Open Access
In: Theological Libraries and Library Associations in Europe
Author: Jerzy Witczak

Abstract

The article, whose introductory parts survey the history of church libraries in Poland since the Middle Ages, through the losses sustained during World War II up to their further development during the communist regime, focuses on one aspect that has emerged after the fall of communism: computerisation and the use of catalogues. The main theme revolves around the establishment and operation of a special association of church libraries, the Federation of Church Libraries ‘Fides’, and its most significant achievement: the creation of the Union Catalogue of Church Libraries in Koha software, launched in 2014.

Open Access
In: Theological Libraries and Library Associations in Europe

Abstract

The closing of monasteries resulted also always in the closing of monastery libraries. This happened in the Netherlands during the Iconoclastic Fury (‘Beeldenstorm’) mostly in a heavy-handed way resulting in destroying and confiscation of books and manuscripts. From the middle of the 19th century, monastic life took off. Every monastery and especially the houses of studies were equipped with rich collections. After the Second Vatican Council, the decline in the number of religious men and women started. This meant the gradual closure of monasteries and monastic libraries. Libraries were given new uses by sale or donation. Complete takeover was rarely possible. Often the book collections were deselected, which did not always prevent painful decisions to dispose of them.

Open Access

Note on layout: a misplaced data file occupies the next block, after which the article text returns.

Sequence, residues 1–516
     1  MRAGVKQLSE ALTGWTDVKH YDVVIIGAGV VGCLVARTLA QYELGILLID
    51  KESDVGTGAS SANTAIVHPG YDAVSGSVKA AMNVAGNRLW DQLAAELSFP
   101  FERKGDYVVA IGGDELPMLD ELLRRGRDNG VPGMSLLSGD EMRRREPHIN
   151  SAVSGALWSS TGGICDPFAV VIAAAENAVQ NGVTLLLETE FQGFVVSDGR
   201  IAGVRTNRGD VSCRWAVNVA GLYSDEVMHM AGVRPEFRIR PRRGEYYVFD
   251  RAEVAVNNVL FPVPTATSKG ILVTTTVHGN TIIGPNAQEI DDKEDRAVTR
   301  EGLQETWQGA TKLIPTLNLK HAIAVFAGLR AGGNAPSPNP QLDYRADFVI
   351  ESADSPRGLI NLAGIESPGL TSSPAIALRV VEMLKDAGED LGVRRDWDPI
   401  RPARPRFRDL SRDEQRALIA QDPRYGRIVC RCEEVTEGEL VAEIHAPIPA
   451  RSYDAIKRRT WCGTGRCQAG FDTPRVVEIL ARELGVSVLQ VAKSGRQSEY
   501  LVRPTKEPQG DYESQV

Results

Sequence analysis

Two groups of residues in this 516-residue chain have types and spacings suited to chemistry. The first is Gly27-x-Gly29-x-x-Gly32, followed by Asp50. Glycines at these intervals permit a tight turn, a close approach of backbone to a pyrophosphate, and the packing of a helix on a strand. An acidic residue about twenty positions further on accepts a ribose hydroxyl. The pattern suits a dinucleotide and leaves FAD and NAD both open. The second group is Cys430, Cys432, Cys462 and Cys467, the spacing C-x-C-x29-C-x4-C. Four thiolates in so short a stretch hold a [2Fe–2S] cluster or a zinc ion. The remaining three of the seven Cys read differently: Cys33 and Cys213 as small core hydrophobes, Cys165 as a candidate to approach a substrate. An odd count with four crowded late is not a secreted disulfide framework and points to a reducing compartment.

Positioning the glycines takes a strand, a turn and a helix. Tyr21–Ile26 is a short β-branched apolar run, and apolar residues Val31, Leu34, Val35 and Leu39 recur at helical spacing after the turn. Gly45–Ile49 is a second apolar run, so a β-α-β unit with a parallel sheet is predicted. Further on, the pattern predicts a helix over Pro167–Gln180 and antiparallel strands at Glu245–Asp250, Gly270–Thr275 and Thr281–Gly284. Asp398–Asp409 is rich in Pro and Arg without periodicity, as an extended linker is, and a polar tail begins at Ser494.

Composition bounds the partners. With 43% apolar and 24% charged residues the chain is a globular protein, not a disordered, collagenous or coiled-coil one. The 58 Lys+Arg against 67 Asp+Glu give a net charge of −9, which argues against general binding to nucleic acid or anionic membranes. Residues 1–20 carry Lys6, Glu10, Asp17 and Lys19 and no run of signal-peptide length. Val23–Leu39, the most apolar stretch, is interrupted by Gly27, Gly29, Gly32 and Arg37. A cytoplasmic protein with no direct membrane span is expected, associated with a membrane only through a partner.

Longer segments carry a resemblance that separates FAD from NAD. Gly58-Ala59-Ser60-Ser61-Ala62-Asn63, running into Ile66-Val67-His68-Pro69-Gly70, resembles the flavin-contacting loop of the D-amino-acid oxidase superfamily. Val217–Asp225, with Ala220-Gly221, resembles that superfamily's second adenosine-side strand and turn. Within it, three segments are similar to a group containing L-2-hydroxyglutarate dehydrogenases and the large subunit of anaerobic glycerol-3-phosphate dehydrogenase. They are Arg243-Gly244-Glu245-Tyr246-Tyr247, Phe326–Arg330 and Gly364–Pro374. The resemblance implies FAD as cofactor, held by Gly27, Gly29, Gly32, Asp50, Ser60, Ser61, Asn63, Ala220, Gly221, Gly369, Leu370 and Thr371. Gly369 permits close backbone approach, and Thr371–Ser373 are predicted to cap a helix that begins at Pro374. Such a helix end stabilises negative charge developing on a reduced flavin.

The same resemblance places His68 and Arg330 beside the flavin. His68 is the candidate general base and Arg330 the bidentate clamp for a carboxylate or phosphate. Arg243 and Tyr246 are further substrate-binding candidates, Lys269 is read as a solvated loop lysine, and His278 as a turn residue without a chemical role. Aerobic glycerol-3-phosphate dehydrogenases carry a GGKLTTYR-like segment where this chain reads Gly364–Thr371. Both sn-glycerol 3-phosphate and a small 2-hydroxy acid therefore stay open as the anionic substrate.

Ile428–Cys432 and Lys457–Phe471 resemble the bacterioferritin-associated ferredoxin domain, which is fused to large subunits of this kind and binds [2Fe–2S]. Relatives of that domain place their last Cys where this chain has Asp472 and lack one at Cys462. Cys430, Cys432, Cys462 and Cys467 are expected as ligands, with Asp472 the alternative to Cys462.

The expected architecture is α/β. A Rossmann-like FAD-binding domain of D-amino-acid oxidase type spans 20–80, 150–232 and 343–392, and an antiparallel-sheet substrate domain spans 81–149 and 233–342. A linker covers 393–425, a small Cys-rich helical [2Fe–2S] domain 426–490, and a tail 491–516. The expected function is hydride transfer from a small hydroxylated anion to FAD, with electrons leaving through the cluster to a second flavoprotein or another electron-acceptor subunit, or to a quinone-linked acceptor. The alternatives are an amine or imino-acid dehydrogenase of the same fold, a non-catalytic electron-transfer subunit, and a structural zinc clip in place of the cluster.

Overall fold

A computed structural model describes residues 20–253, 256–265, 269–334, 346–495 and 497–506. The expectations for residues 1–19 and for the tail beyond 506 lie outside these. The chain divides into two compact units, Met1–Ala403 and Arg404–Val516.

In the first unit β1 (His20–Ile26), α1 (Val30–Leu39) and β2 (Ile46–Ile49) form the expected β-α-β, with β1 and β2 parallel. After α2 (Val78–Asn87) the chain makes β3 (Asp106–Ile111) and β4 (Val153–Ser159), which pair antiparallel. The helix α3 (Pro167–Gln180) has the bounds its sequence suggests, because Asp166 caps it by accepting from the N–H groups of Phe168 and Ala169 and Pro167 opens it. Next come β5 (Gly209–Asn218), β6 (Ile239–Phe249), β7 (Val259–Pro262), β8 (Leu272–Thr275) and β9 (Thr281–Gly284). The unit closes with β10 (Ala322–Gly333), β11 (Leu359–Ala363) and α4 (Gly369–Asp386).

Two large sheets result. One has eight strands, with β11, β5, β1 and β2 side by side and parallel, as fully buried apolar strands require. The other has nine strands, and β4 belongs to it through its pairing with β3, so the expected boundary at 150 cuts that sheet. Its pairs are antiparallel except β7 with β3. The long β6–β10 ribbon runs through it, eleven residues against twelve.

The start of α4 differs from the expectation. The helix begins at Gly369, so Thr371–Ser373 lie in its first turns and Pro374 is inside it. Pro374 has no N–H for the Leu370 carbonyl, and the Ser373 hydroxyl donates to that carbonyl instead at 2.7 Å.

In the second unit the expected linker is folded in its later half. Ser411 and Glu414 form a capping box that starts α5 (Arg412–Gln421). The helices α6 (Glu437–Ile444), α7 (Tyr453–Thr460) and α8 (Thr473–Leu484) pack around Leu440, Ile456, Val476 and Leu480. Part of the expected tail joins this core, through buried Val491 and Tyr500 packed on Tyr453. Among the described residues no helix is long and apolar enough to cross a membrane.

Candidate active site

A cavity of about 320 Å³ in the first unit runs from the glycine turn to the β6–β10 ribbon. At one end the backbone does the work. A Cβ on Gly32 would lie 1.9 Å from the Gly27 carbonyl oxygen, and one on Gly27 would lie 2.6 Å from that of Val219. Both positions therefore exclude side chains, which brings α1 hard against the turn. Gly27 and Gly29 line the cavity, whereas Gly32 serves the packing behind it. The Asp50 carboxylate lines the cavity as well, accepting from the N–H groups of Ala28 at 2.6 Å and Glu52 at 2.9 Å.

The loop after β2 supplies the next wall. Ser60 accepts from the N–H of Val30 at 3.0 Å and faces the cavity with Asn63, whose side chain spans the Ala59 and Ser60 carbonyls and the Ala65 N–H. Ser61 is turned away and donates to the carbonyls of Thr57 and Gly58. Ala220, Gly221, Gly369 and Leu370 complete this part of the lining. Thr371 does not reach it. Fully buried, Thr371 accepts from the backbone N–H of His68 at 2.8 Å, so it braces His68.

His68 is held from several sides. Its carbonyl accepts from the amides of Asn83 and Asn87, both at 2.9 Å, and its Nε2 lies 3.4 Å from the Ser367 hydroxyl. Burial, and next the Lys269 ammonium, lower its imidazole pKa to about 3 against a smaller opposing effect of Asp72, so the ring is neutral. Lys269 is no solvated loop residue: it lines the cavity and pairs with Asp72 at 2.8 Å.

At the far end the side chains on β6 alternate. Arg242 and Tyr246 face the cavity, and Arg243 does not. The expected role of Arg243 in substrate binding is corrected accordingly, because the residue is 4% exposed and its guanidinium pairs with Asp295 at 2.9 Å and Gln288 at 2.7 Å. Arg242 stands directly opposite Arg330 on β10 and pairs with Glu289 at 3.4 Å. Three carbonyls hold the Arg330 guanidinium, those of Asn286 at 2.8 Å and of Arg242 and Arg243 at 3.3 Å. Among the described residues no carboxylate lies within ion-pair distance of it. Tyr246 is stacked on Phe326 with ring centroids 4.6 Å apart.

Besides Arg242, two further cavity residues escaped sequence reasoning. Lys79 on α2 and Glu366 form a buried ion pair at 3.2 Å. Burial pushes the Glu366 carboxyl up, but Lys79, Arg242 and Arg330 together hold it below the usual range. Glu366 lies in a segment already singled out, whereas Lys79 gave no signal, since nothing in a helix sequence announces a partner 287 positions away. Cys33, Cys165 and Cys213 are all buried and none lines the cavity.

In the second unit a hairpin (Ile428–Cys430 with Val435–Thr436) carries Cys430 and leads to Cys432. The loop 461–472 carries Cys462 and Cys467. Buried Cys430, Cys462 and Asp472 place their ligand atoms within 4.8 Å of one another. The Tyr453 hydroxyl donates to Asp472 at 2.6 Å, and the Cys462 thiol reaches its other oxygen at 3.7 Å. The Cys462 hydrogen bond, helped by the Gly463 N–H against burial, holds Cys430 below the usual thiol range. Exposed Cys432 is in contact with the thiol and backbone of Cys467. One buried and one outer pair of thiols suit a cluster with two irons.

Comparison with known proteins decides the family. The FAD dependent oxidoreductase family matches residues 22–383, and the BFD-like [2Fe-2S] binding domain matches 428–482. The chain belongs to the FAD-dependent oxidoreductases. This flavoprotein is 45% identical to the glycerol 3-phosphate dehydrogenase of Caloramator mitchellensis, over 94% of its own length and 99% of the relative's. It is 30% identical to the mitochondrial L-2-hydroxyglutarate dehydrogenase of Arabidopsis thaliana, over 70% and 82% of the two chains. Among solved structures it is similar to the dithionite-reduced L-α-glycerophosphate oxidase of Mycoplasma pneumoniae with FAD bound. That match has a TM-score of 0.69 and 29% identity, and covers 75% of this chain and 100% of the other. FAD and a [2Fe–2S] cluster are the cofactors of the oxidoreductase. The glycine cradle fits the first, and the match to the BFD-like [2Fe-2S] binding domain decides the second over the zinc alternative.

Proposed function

In: Theological Libraries and Library Associations in Europe

Abstract

Historical parish libraries of the Protestant Church in Thuringia have grown over the centuries. The Reformation had a lasting impact on the content and the priests acted as mediators of education. At higher administrative levels, larger superintendent’s libraries were established in Thuringian towns from the 16th century onwards. The political conditions during the Cold War in Eastern Germany also had an impact on book production and libraries. The Protestant Church in Thuringia used its own distribution channels and networks during that time. Structural changes and the dissolution of parish offices can have negative consequences for these libraries. To address this problem, a special project for safeguarding and usability was initiated.

Open Access
In: Theological Libraries and Library Associations in Europe

Abstract

Specialised bibliographies – formerly in printed form, now online – have always been indispensable sources of information for academics. In 1975, the Index Theologicus (IxTheo) was founded in Tübingen under the name Zeitschrifteninhaltsdienst (ZID), in order to provide information on journal articles shortly after their publication to the academic community. This essay describes which informational needs the new service addressed and how it proved useful in the context of existing bibliographies. It depicts the development of IxTheo from an article database to an international bibliography produced cooperatively with modern features and a provider and advocate of open access. The media-theoretical implications of evolving publication paradigms are discussed. An emphasis is put on the further development of IxTheo from the point of view of the new paradigm of Open Science and the academic community’s new needs.

Open Access
In: Theological Libraries and Library Associations in Europe